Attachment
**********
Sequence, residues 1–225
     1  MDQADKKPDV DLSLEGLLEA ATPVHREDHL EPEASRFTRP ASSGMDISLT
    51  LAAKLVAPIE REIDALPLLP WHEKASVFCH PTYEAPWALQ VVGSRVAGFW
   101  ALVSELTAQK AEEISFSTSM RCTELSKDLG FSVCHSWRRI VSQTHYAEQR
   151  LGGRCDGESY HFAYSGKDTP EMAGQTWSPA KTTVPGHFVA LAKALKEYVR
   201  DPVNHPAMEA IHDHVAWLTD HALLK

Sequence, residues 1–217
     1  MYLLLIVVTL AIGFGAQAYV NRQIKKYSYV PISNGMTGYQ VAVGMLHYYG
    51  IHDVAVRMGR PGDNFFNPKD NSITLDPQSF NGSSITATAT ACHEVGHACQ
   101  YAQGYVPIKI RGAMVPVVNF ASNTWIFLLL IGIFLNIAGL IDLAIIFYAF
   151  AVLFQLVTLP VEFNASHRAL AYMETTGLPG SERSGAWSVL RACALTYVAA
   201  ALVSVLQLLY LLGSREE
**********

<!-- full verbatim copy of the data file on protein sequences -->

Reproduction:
Sequence, residues 1–225
     1  MDQADKKPDV DLSLEGLLEA ATPVHREDHL EPEASRFTRP ASSGMDISLT
    51  LAAKLVAPIE REIDALPLLP WHEKASVFCH PTYEAPWALQ VVGSRVAGFW
   101  ALVSELTAQK AEEISFSTSM RCTELSKDLG FSVCHSWRRI VSQTHYAEQR
   151  LGGRCDGESY HFAYSGKDTP EMAGQTWSPA KTTVPGHFVA LAKALKEYVR
   201  DPVNHPAMEA IHDHVAWLTD HALLK

Sequence, residues 1–217
     1  MYLLLIVVTL AIGFGAQAYV NRQIKKYSYV PISNGMTGYQ VAVGMLHYYG
    51  IHDVAVRMGR PGDNFFNPKD NSITLDPQSF NGSSITATAT ACHEVGHACQ
   101  YAQGYVPIKI RGAMVPVVNF ASNTWIFLLL IGIFLNIAGL IDLAIIFYAF
   151  AVLFQLVTLP VEFNASHRAL AYMETTGLPG SERSGAWSVL RACALTYVAA
   201  ALVSVLQLLY LLGSREE